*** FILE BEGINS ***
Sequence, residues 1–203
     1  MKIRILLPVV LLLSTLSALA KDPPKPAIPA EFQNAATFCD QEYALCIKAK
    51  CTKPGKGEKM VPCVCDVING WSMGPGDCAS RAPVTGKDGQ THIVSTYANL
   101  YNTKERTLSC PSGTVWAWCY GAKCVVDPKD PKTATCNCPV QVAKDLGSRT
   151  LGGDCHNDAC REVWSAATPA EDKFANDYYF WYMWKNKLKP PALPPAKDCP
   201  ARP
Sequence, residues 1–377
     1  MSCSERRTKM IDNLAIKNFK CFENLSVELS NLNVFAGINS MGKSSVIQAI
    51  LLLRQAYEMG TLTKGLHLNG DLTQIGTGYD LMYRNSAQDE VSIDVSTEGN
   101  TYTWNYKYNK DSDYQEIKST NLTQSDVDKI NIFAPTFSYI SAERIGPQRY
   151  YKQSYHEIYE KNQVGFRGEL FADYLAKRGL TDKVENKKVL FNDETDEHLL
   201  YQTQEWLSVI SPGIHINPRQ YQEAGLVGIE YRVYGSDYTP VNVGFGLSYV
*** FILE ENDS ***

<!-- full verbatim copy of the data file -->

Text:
Sequence, residues 1–203
     1  MKIRILLPVV LLLSTLSALA KDPPKPAIPA EFQNAATFCD QEYALCIKAK
    51  CTKPGKGEKM VPCVCDVING WSMGPGDCAS RAPVTGKDGQ THIVSTYANL
   101  YNTKERTLSC PSGTVWAWCY GAKCVVDPKD PKTATCNCPV QVAKDLGSRT
   151  LGGDCHNDAC REVWSAATPA EDKFANDYYF WYMWKNKLKP PALPPAKDCP
   201  ARP
Sequence, residues 1–377
     1  MSCSERRTKM IDNLAIKNFK CFENLSVELS NLNVFAGINS MGKSSVIQAI
    51  LLLRQAYEMG TLTKGLHLNG DLTQIGTGYD LMYRNSAQDE VSIDVSTEGN
   101  TYTWNYKYNK DSDYQEIKST NLTQSDVDKI NIFAPTFSYI SAERIGPQRY
   151  YKQSYHEIYE KNQVGFRGEL FADYLAKRGL TDKVENKKVL FNDETDEHLL
   201  YQTQEWLSVI SPGIHINPRQ YQEAGLVGIE YRVYGSDYTP VNVGFGLSYV